I'm something of a pack rat. My wife cannot understand why I'm compelled to keep old, seemingly inconsequential junk. I don't understand it myself. Sometimes I'll have a fear that if I get rid of something, I may want it later and then I'll regret not having it. More often, I form strong emotional attachment to things based on where I got them or some event or person associated with them. For some reason, this happens quite often with clothes. I have all kinds of ratty old clothes that my wife is itching to get rid of, but which I won't let go. Maybe it's not 'spiritual' to have that kind of emotional investment in material possessions. But, it's not like I would save them in a fire instead of my wife or something. And, my connection is usually more with the emotional association than with the object. So, question #1: What do you have that you would be sad if you lost?
And that question leads me to the thought I had which originally led me to write this post. Since we're moving in about a month, we've started packing, but of course we're finding plenty of ways to get sidetracked as we box stuff up. One way my wife got sidetracked was to sort through some old pictures for a new picture frame she got. She created a nice 'national parks' themed frame. In one of the pictures--I think from our honeymoon--I'm wearing a Notre Dame hat that certainly fits into the category described above. In fact, it is probably the example par excellence.
I bought the hat in the 3rd grade from my friend Rick Magni for $3.75. We--the hat and I, not Rick and I--have been through a lot of life together. When my best friend in junior high school, Michael Nolan, and I used to play tennis together every day, all day, during the summers, I always wore the hat. He had a tennis court just down the street from his house, so we would play all morning, have lunch at his house, then play again until dinner. During our lunch break, we would both put our soaking-wet-with-sweat hats in his freezer while we ate, so they would be nice and cold when we resumed. For many reasons, that sounds disgusting to me now, but it seemed like a good idea at the time. Later during high school, I was a cross-country and track runner. I wore that hat to every single practice, and I never washed it during the seasons. By the time the district meets rolled around for each sport, that hat could probably do a few laps of the track on its own. Then during college, I spent a lot of time in Colorado on family vacations and a few trips with friends. I was wearing the hat each of four times I hiked to the peaks of 14,000 ft. mountains. On top of all that, I've had a lifelong devotion to Notre Dame (thanks Dad!), both its athletics and academics. No matter what the state of affairs is with Notre Dame's teams or whatever, that hat was always a testimony to my longevity as a fan.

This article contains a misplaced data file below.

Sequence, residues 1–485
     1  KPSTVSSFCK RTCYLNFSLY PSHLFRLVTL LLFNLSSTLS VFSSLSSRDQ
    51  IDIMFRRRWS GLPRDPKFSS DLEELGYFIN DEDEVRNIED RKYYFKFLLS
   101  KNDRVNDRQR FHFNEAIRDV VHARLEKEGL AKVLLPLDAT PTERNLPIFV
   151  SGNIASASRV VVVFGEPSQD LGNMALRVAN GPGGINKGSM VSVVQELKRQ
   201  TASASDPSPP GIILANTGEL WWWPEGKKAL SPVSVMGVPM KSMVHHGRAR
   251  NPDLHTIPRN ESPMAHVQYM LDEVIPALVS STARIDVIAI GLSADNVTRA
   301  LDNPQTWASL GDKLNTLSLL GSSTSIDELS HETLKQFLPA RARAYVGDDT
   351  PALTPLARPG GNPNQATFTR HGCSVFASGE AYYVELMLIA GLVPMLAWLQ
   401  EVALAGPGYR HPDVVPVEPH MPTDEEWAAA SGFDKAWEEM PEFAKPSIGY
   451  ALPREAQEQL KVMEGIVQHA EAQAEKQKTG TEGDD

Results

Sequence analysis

Unfortunately, I have no more recent memories to write about. I no longer have that hat. I lost it. I don't know how or where. And I can't even pinpoint when. I can't remember if I've had it since we moved to St. Louis four and a half years ago or not. I actually think about the hat more often than when I have occasion to see a picture of myself wearing it. I wish I still had it and I could still wear it. I mean, it's not like in a movie; I'm not sitting on a bench at the end of a pier staring into the distance with a single tear dripping down my cheek. I just want my hat back. Some of those memories and stories are a little less real because I can't see or point to the hat as a memento. Thus I ask you question #2: Is there anything you've lost that you wish you had back?
While this is a bit of an obvious attempt to generate more comments than usual, I am also really curious what some of you might have to say. I think there are some potentially interesting and peculiar responses out there.
boon-dog-gle: (noun) work of little or no value done merely to keep or look busy.
free: (adjective) provided without, or not subject to, a charge or payment.
"The Bible tells us to love our neighbors, and also to love our enemies; probably because they are generally the same people."